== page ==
Former players Jamie Carragher and Stan Collymore turned on Liverpool after the Premier League leaders became the fifth top-flight club to announce they have furloughed some non-playing staff during the coronavirus pandemic.
Liverpool, who in February announced pre-tax profits of £42million for 2018-19, will top up the public money received from the government to ensure the affected staff receive their full salaries.
Liverpool are following Tottenham, Newcastle, Bournemouth and Norwich in turning to the government’s job retention scheme during the suspension of the Premier League, a decision which impressed neither Carragher nor Collymore.
Carragher retweeted the club’s statement and wrote: “Jurgen Klopp showed compassion for all at the start of this pandemic, senior players heavily involved in @premierleague players taking wage cuts. Then all that respect & goodwill is lost, poor this @LFC”
Collymore was even more forthright as he wrote: “I don’t know of any Liverpool fan of any standing that won’t be anything other than disgusted at the club for furloghing staff.
“It’s just plain f****** wrong.
“Fellow football fans, furlough is for small business staff to keep those small businesses from going bump!
“Every Premier League owner has serious cash, and make money from skyrocketing values of clubs, so what aren’t you getting about YOUR owners dipping into THEIR pocket?”
Jurgen Klopp showed compassion for all at the start of this pandemic, senior players heavily involved in @premierleague players taking wage cuts. Then all that respect & goodwill is lost, poor this @LFC https://t.co/9bE8Rw1veE
— Jamie Carragher (@Carra23) April 4, 2020
Former midfielder Dietmar Hamann later tweeted: “Astonished by the news that @lfc takes advantage of the furlough scheme to claim 80 % of non playing staffs wages back of the government. That’s not what the scheme was designed for. Contrary to the morals and values of the club i got to know.”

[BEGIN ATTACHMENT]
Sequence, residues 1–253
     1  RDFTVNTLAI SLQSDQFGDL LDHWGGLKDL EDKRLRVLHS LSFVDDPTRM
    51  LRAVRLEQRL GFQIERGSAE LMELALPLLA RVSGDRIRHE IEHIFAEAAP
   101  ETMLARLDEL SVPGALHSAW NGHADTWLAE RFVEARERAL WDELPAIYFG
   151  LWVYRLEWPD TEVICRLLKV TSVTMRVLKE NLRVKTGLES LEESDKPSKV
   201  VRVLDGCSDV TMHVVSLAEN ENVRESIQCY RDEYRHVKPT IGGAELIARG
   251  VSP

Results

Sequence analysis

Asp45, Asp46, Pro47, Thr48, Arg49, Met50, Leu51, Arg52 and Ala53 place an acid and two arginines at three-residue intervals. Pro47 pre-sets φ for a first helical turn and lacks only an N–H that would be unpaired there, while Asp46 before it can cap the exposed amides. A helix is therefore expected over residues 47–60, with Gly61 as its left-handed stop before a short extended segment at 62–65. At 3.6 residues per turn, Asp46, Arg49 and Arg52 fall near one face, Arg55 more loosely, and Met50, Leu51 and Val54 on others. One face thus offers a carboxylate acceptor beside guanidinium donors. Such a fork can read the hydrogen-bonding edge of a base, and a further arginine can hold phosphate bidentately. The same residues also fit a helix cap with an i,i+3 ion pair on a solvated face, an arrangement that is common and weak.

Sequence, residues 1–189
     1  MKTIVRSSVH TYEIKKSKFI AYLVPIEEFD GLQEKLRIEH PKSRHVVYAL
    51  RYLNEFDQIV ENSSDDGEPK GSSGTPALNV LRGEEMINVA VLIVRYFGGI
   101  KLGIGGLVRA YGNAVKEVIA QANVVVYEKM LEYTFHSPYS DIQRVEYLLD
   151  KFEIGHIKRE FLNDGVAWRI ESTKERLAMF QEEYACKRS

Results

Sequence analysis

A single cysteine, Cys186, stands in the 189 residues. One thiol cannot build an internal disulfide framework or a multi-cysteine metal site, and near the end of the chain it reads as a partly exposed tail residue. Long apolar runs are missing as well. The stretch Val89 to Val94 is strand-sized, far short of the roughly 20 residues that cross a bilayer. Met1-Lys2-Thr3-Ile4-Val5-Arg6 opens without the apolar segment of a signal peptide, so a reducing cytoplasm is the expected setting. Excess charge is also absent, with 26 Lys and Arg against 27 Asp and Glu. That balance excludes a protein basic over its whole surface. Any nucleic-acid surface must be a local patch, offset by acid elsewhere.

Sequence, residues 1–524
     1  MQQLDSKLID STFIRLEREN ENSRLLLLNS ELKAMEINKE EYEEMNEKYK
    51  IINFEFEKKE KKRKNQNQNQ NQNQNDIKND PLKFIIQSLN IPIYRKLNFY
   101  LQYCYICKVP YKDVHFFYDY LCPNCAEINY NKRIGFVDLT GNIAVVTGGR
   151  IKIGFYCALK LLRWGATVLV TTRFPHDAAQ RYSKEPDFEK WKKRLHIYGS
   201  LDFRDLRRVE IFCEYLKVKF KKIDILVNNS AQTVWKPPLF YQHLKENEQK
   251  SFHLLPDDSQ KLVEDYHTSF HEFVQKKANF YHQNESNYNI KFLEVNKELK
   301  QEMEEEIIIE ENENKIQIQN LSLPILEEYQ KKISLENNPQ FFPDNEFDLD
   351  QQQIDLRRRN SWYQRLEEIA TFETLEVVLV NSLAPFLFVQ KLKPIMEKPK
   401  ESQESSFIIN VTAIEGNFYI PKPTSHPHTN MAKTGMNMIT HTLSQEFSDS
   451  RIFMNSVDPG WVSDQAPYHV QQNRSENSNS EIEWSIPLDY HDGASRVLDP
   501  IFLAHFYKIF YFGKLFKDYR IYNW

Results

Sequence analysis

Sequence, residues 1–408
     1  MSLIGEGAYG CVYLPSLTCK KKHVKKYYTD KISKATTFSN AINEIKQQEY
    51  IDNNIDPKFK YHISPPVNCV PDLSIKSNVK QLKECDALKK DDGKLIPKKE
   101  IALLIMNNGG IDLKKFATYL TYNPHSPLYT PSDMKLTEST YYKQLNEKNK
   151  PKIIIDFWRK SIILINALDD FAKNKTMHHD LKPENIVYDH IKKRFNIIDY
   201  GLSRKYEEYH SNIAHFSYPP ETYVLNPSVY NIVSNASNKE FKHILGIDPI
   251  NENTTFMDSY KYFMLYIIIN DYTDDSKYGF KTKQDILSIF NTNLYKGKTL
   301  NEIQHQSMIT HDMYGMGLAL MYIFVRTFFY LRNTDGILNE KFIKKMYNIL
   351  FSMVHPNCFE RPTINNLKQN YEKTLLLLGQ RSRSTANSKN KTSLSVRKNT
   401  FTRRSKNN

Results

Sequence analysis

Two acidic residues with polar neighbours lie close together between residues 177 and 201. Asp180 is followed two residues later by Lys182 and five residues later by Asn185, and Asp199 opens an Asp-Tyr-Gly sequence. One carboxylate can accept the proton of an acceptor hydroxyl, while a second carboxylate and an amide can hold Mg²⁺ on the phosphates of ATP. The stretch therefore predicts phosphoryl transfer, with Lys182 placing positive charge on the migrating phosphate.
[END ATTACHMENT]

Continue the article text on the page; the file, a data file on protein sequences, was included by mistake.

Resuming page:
Liverpool’s announcement came as Premier League clubs were meeting with representatives of players and managers to discuss possible wage cuts for first-team staff.
A Liverpool club statement read: “The club have confirmed those staff will be paid 100 per cent of their salaries to ensure no member of staff is financially disadvantaged.
“Last month the club also confirmed that it would pay its matchday and non-matchday staff while the Premier League is suspended.”
In February, Liverpool published their accounts for 2018-19, showing turnover for the year was up £78million to £533million, although profits fell in relation to the previous year after a record £223million investment on players.
While their former heroes were unimpressed by the club’s actions, a spokesperson for the Spirit of Shankly supporters’ group said they were in favour of the move to ensure all employees received their full salaries.
Liverpool CEO Peter Moore Oct '19: "We had this historical figure, Bill Shankly, a Scottish socialist. Today when we speak about business questions, we ask ourselves: 'what would Shankly do?' Doubt he'd have said let the taxpayer pay some wages when you've just made £42m profit.
— Brian Reade (@BrianReade) April 4, 2020
“The starting point of this was when the competitions were first suspended, we immediately contacted the club and made it clear that we expected all non-playing staff to be treated fairly throughout the duration of the suspension,” the group told the PA news agency.
“The club gave an undertaking to do that which they’ve maintained throughout.
“The use of the furlough scheme maintains that commitment and it ensures that all lower-paid staff who run a variety of contracts will continue to receive 100 per cent of their wage. That’s got to be seen as a positive.”
Talks between the Premier League, Professional Footballers’ Association (PFA) and League Managers’ Association (LMA) on potential wage cuts are taking place on Saturday.
Liverpool skipper Jordan Henderson has been at the forefront of talks between Premier League club captains on a co-ordinated player response.
The Premier League said on Friday clubs will consult with players over wage reductions and deferrals amounting to 30 per cent of salary.